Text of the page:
Bock first learned about SpacePak from ACH Supply, a distributor located in Irwindale, Calif. ACH had worked with Bock and his crew by providing comprehensive product training and support services. “Our goal is to provide all the technical and product information that we can to ensure that the contractors are both knowledgeable and confident when it comes to installing SpacePak systems,” said Craig Heald, sales manager for ACH Supply. “And we are very confident in AmeriAir’s installation abilities.” In addition to providing training, ACH Supply also provided Bock with installation materials to support the SpacePak sale.

As with many of the buildings in the Arts Center, the School of Arts & Enterprise has an open floor plan. As such, the installation required that the vast majority of the new air conditioning duct work would be exposed. To make matters more complicated, the project had to be completed quickly and it could not be disruptive to the students. It took Bock and his crew of four three weeks to remove the old system and most of the existing duct work, and install the new system.

“We had to work some odd hours to accommodate the school’s schedule,” said Bock. “Lots of the installation was had to be done before school or after hours. We also tried to be as economical as possible, by leaving some of the existing duct work which we converted into returns for the new SpacePak system,” he said. “One of the nice things about this type of high velocity system is that the installation is very flexible and does not involve lots of construction or mess and does not disrupt the existing walls, floors or ceilings.”

The new system includes nine individual fan-coil units -- three 5-ton units, three 4-ton units and three 3-ton units -- all of which are housed in the building’s attic. Each fan coil is relatively small in size, the largest of which is approximately 14-in. (h) x 43-in. (w) x 30-in. (l) so there was ample space to install multiple units. From the individual fan coil units, the system includes a nine-inch wide insulated plenum duct which was installed throughout the building, mostly at ceiling height. Because the building only has drop ceilings on the first level, much of the space did not require use of the standard two-inch air supply lines, Bock and his crew cut holes strategically in the plenum duct lines. Each unit is also attached to a Trane condensing unit installed on the building’s roof.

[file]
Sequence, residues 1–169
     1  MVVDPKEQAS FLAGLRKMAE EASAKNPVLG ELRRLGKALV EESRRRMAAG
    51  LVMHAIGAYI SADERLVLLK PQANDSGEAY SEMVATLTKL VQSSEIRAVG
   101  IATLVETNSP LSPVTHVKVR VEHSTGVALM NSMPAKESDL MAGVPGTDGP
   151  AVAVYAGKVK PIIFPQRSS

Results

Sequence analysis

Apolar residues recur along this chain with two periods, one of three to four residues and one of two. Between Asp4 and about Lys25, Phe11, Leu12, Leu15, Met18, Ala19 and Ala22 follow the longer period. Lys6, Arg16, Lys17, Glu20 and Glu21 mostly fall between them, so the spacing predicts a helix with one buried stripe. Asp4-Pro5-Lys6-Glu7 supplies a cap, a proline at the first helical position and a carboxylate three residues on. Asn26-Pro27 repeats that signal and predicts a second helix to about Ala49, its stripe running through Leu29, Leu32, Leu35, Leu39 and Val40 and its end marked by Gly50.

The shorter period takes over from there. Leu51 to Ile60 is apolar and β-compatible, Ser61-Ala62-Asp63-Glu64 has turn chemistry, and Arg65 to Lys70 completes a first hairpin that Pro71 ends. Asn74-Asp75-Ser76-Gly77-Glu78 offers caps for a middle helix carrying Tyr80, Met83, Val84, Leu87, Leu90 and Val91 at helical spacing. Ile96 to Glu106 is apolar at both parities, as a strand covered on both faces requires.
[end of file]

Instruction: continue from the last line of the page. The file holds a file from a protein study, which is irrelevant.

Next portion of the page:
This air distribution system is based on a principle known as aspiration, where the air is injected into the room at a much higher velocity (i.e. 1600 – 2000 ft./min.) than with conventional air conditioning systems (i.e. 300 – 400 ft./min.). As a result, the system provides complete air circulation throughout the space, eliminating the typical 2-3 degree temperature stratification between the floor and ceiling.

“The plenum lines, rather than a series of individual supply lines, provide a good percentage of the cooled air throughout the school,” said Bock. “We designed and cut a series of holes in the plenum lines to direct the cooled air where we needed it to go. The result is an efficient air conditioning system that can cool the usable parts of the entire building. In addition, the School can now monitor different areas throughout the building and each classroom is on its own system for maximum flexibility and comfort.”

Take the computer laboratory as an example. The large room required nearly 175-feet of nine-round plenum trunk line just to reach the room on the first floor. The space, which is warmer than many other areas due to all the computer equipment, is cooled by one of the 3-ton SpacePak units.

“The first floor rooms have suspended ceilings. In those rooms, we ran the standard insulated two-inch flexible tubing from the plenum line directly to ceiling outlet terminations in those rooms. In the end, the system is very easy to install and did not require any significant renovation in the building.”

“Overall we are very happy with the SpacePak system,” said Cathy Tessier, the building owner. “We used to get constant complaints about the air conditioning system, but we have not had any complaints, which I attribute to the new system and our ability now to cool specific rooms.”

When all was said and done, Bock and his crew installed nearly 1,000 feet of trunk line plenum throughout the facility. “We completed the project on time and on budget,” said Bock, assuring his team an A+ in the installation.